I love the smart, imaginative editors I’m writing for right now. They make me sound like I’m smarter than I am (and that’s pretty goddamn smart, too, huh huh!). But let’s be honest. The world is filled with smart people who will quite cheerfully turn your original weird ideas into horse shit. They won’t do this because they’re evil or because they’re crass capitalist slobs or because they’re fucking morons, either. They’ll do it because you’re standing there saying, “Well? What should this be? What should I be? Who the fuck am I anyway? Do you even love me anymore?” They will show you how to turn what you have, which is strange-ish and not fully formed and maybe a little sloppy, into the average of everything that came before you. They will inadvertently point you straight at the Least Common Denominator, either because you haven’t indicated that you’re capable of more than that, or because they haven’t had a second cup of coffee yet, or because they just heard that someone got a big advance for something a little bit like what you’re doing, only way stupider.
Selling out is usually more a matter of buying in. Sell out, and you’re really buying into someone else’s system of values, rules and rewards.
The so-called “opportunity” I faced would have meant giving up my individual voice for that of a money-grubbing corporation. It would have meant my purpose in writing was to sell things, not say things. My pride in craft would be sacrificed to the efficiency of mass production and the work of assistants. Authorship would become committee decision. Creativity would become work for pay. Art would turn into commerce. In short, money was supposed to supply all the meaning I’d need.
What the syndicate wanted to do, in other words, was turn my comic strip into everything calculated, empty and robotic that I hated about my old job. They would turn my characters into television hucksters and T-shirt sloganeers and deprive me of characters that actually expressed my own thoughts.
It’s surprising how hard we’ll work when the work is done just for ourselves. And with all due respect to John Stuart Mill, maybe utilitarianism is overrated. If I’ve learned one thing from being a cartoonist, it’s how important playing is to creativity and happiness. My job is essentially to come up with 365 ideas a year.
If you ever want to find out just how uninteresting you really are, get a job where the quality and frequency of your thoughts determine your livelihood. I’ve found that the only way I can keep writing every day, year after year, is to let my mind wander into new territories. To do that, I’ve had to cultivate a kind of mental playfulness.
I always assume everything that I read is fiction, even if it’s in the non-fiction section. The very notion of putting something on paper means that you are creating a narrative.
Let’s face it: Literary fiction is fucking boring. It really is. It’s a genre as replete with clichés as any. And when you’re as deeply immersed in it as many of us are, it’s all too easy to stop noticing the clichés. They no longer stand out. They’re just What People Do. And so, we do them. If a writer of literary fiction wants to be great, she needs to poke her head up out of the echo chamber every now and then and absorb the genuine peculiarity of human striving. And that means reading stuff that is not literary fiction, and, sometimes, not reading at all.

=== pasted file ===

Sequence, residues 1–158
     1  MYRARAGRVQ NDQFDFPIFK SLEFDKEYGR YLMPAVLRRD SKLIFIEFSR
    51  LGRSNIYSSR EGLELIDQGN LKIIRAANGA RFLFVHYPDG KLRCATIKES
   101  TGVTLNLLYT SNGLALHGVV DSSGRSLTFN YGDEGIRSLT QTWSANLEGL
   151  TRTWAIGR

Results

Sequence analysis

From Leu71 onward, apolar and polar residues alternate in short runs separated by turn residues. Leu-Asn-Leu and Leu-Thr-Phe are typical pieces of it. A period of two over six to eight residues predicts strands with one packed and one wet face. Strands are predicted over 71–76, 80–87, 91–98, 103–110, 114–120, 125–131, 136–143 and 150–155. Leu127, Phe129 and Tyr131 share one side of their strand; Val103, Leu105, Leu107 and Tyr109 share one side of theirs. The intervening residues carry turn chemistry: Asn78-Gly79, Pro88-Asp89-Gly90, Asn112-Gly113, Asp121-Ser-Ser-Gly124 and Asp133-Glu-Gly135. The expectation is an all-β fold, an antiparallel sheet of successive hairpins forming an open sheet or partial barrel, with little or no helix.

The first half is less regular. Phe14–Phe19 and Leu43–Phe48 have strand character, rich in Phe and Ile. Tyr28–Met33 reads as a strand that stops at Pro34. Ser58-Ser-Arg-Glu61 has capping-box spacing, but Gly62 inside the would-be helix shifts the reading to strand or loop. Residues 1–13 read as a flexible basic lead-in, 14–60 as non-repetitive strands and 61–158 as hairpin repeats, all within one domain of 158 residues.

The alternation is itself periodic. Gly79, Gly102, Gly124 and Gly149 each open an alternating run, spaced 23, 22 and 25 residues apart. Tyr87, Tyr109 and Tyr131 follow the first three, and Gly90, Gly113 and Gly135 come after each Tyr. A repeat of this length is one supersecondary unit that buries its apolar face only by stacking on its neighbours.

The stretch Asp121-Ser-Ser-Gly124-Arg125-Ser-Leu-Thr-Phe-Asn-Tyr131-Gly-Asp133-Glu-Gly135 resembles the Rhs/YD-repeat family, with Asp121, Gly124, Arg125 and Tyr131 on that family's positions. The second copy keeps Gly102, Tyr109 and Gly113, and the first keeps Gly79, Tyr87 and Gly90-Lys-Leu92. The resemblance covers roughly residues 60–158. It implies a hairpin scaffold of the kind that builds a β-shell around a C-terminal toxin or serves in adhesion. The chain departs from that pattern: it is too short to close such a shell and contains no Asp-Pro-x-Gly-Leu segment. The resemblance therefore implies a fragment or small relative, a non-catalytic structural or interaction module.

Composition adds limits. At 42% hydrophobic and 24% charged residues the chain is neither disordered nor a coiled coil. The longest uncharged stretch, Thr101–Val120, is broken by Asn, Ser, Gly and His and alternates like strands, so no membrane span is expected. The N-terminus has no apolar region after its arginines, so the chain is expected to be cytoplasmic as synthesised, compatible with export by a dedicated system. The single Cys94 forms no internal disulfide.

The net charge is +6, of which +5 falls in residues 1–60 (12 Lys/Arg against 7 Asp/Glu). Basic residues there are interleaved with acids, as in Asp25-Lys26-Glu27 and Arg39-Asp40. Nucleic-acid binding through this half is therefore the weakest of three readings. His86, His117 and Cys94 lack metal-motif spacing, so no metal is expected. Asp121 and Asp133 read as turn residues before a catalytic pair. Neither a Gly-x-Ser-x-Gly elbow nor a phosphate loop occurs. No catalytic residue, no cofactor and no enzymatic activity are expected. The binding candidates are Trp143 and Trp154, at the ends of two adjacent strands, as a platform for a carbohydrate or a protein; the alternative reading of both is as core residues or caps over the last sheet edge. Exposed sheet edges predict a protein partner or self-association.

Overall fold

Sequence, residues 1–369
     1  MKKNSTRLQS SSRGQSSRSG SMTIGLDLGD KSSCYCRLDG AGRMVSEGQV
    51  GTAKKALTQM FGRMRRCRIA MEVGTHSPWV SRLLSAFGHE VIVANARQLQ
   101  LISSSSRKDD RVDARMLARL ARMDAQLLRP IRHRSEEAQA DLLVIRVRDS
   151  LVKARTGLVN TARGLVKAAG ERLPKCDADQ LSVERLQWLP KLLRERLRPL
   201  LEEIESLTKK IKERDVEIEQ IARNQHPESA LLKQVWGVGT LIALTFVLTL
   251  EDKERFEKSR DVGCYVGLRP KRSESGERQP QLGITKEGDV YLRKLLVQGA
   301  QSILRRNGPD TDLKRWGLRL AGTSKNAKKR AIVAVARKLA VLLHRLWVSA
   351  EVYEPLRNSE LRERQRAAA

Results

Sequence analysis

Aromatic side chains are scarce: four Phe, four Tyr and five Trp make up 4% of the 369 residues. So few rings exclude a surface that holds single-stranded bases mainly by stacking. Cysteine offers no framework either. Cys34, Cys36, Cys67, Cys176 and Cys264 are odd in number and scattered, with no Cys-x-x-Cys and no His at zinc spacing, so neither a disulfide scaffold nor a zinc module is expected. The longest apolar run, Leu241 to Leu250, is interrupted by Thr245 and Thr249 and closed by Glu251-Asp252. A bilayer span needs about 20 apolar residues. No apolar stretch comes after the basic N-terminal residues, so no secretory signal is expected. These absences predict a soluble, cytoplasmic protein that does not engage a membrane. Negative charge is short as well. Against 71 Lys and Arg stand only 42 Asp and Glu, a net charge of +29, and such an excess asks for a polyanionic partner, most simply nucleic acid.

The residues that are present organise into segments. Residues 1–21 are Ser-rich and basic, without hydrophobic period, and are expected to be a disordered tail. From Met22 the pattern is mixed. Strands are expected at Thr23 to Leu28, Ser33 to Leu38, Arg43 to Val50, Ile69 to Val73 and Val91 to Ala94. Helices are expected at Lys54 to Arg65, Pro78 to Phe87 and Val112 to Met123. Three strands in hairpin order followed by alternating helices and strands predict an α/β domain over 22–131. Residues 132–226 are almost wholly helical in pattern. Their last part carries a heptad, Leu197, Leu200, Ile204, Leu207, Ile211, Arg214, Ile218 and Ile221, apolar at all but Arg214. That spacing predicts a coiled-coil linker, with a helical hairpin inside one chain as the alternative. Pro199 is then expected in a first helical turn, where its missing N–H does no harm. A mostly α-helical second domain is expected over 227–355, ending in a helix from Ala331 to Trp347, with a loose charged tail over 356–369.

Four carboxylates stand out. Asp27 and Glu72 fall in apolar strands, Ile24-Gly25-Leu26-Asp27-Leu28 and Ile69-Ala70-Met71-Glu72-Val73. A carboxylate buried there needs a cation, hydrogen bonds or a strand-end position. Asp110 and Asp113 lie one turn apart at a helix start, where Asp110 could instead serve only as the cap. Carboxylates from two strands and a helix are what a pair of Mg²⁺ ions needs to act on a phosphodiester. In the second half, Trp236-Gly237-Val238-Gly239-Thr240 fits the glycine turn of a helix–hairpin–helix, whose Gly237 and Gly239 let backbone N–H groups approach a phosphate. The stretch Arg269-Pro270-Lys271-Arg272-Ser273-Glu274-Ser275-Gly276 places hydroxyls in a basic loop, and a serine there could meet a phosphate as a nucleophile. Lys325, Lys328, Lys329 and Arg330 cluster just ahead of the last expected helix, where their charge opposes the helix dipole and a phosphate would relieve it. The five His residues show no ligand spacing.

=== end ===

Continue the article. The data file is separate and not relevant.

I am considerably less naïve now than in the days when I innocently read fiction as fiction, when I took the author’s word that characters and events had been invented. Filing this complaint has hardened my heart. Still, I am capable of being surprised by a world filled with two-faced authors and the publishers who enable them.
If such a coordinated approach were in place, then the conference could be “tracked,” by which I mean an attendee could follow a selection of sessions that related to a focused approach—an orchestrated series of panels on the publication of contemporary poetry, or a sequence of sessions on the potentials of electronic literature, or a line of events on that almost entirely missing topic this year: self-publishing.
Ether for Authors: Looking for AWP’s Leadership | Publishing Perspectives
The lack of self-publishing and digital publishing panels was indeed disappointing. One of many disappointing things about AWP13. I agree with most of Anderson’s complaints and I’m glad somebody with his platform is voicing them.
That said, I think the refrain cited in this post of “I just don’t know” as a response from people as to why they were at the conference speaks more to those people then the conference itself. If you know why you’re there and you know what you want to get out of the conference, I think it can still work for you. In short: it ain’t all bad. (Which I know is not a glowing review of a conference.)
But admittedly, it’s VERY difficult to feel like you’re actually “participating” in AWP. The event is so large it has hit SXSW proportions. Like SXSW, the best times I have had have happened outside the event itself, meeting with friends, former professors, etc. Also, I was turned away from two panels I really wanted to hear because they were too crowded.
Soo… I’m taking note of the other conferences Anderson mentions in this post.